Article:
I agree on that. But in terms of the political question there’s this sense, I think, on the left that Democrats need to have a very populist, pro-worker agenda to win back these Trump voters. But there’s a logical inconsistency if Trump himself is pursuing the opposite of that and holding onto these voters.

Well, give it time. Like I said, there’s still this kind of populist sham battle, this stage show, the war with the media. I don’t know how long that can satisfy people.

I guess the disturbing analysis of what’s going on is that the reason that he’s always seen as a populist and on the side of white working-class people is because he is affirmatively not on the side of nonwhite people, and so that will always give him cachet to appear to be a populist fighting for the working-class white majority.

Racist does not equal working class. These two things are separate categories.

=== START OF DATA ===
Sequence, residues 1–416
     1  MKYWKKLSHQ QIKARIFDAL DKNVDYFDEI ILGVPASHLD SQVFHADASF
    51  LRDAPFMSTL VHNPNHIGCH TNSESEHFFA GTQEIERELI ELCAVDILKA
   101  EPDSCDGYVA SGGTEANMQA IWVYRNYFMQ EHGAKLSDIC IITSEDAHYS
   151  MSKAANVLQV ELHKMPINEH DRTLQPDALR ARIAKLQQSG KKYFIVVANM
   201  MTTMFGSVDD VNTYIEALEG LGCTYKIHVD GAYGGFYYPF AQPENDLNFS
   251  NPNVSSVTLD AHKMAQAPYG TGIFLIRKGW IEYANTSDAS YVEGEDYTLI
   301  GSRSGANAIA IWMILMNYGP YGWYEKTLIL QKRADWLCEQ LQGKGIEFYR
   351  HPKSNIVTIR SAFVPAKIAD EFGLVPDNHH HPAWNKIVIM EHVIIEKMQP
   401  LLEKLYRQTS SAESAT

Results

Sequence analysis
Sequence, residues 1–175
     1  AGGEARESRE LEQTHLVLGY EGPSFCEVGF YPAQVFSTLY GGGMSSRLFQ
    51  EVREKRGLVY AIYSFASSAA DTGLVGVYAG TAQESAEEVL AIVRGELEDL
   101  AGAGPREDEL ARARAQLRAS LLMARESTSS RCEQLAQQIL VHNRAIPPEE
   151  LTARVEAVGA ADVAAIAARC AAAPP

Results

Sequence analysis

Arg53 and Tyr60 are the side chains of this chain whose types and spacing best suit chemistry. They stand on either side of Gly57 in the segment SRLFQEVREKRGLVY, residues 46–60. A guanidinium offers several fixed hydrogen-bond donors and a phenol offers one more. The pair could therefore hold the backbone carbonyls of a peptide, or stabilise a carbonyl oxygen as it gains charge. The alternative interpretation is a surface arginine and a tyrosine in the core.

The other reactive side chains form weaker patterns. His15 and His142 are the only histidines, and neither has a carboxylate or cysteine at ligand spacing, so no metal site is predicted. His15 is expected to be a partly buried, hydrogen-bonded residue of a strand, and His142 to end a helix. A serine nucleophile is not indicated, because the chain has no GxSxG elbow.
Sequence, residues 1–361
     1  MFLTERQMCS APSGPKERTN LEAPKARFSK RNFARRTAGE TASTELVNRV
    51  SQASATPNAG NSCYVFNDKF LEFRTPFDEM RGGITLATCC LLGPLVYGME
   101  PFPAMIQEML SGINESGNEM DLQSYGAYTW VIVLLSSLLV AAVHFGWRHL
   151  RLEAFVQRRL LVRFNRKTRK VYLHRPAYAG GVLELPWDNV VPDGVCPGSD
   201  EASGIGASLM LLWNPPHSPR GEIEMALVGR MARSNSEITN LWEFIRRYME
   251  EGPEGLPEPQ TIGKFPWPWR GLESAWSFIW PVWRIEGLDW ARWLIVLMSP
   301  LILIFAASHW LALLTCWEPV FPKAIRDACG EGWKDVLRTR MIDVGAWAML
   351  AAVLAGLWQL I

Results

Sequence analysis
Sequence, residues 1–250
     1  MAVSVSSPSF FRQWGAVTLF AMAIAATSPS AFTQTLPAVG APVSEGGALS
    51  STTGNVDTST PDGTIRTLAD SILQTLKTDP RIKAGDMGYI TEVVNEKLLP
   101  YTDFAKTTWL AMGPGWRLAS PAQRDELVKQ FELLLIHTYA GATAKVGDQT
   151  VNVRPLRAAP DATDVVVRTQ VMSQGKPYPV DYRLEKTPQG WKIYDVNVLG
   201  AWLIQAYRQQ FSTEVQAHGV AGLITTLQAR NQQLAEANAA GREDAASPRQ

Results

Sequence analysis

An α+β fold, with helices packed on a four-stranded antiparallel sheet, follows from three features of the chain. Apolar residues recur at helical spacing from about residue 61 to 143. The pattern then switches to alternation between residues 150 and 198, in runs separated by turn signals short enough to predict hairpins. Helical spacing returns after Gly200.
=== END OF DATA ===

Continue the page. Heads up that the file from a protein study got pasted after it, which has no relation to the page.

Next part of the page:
I didn’t say racist equals working class. That’s not what I’m trying to say.

That’s what it sounded like. And you know, Isaac, that is a stereotype of long standing.

Well, the majority of white working-class people in this country just voted for a racist. I can’t look into their hearts, but they did.

Look, I agree with that and it’s embarrassing. It’s humiliating. It’s awful. What can I say? The question is always to what degree they voted for Trump because of his bigotry or flip it on its head, to what degree did they vote for him despite his bigotry? And I don’t know the answer to that.